Frequently in the Gospels, we see Jesus withdrawing from a crowd to be alone with God. Early in his public ministry, he is clearly in a position to become famous: “all spoke well of him” (Luke 4:22); “they were astounded at his teaching” (4:32); “All in the crowd were trying to touch him.” (6:19) Yet Jesus eschews the temptation to ride the favor of the crowds, perhaps already sensing that demagogues could easily turn them against him. Instead, he turns to prayer in order to attune himself to the voice of the Father.
Jesus’ discernment is much like that of Elijah in the First Book of Kings:
Now there was a great wind, so strong that it was splitting mountains and breaking rocks in pieces before the LORD, but the LORD was not in the wind; and after the wind an earthquake, but the LORD was not in the earthquake; and after the earthquake a fire, but the LORD was not in the fire; and after the fire a sound of sheer silence. When Elijah heard it, he wrapped his face in his mantle and went out and stood at the entrance of the cave. (19:11–13)
Unlike many who seek God in vast earth-shattering acts (what insurers like to call, infelicitously, “acts of God”), Elijah knows that the Lord is to be found in whispers.
Both Jesus and Elijah carefully discern God’s voice after a time away in the wilderness. They learn to screen out the noise of the world in order to attune themselves to God’s presence in the silence. The fruit of their discernment—of attuning themselves to the silent voice of God—is a distaste for praise, honor, and the demands of the majority. Their attitude is like that of Jeremiah, who can cry out that the Lord’s word is “like a burning fire / shut up in my bones” (Jeremiah 20:9) All of them—Elijah, Jeremiah, and Jesus—accept that attunement to the voice of God is both difficult and costly, even as it is irresistible. It pulls them away from the crowds and into direct encounter with the Divine.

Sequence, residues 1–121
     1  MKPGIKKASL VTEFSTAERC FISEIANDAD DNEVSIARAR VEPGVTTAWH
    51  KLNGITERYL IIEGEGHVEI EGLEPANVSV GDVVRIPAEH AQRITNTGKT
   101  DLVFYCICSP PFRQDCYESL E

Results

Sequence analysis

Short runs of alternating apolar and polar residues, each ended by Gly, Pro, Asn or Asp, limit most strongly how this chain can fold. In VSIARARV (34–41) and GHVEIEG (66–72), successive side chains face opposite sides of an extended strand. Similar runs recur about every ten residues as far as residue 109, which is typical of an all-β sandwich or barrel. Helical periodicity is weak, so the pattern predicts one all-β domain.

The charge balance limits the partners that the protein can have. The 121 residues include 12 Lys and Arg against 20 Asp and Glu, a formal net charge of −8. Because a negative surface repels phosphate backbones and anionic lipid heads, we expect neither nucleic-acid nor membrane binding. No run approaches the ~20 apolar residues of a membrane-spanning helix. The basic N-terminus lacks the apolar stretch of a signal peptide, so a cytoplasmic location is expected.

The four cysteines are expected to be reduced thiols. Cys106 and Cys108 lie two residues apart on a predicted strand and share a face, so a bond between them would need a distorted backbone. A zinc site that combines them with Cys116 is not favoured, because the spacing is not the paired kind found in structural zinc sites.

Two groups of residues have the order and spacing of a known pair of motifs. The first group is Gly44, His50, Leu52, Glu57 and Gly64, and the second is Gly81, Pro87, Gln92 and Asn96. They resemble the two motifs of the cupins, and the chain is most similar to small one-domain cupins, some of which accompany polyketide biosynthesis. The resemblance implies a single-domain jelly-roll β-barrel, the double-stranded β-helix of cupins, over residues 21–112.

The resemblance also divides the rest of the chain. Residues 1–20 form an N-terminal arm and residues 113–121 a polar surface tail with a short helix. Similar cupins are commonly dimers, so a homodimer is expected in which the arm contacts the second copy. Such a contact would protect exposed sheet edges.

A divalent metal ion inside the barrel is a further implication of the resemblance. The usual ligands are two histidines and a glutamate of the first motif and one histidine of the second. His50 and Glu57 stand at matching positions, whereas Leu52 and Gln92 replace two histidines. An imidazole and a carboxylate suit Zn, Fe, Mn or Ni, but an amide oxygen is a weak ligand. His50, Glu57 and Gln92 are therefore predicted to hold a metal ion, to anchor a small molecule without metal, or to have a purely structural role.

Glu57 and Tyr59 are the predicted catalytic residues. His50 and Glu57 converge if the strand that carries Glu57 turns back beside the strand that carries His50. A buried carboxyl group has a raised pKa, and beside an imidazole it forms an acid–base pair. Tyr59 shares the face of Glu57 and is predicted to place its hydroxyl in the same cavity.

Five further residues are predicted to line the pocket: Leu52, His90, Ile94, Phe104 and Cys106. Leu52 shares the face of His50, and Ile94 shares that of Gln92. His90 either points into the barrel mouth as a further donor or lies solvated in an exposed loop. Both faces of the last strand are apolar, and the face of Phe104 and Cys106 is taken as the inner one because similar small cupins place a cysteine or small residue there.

Our prayer today is to become ever more attracted to God in silence, to turn away from the noise of the world—especially as mediated through our screens. Let us find time to withdraw and to listen, even if family demands or the summons of those we serve make such moments fleeting and rare. “Seek the LORD while he may be found, / call upon him while he is near.” (Isaiah 55:6)
Image: Elijah and the Raven Bringing Food by Julia Raketic/Shutterstock.com.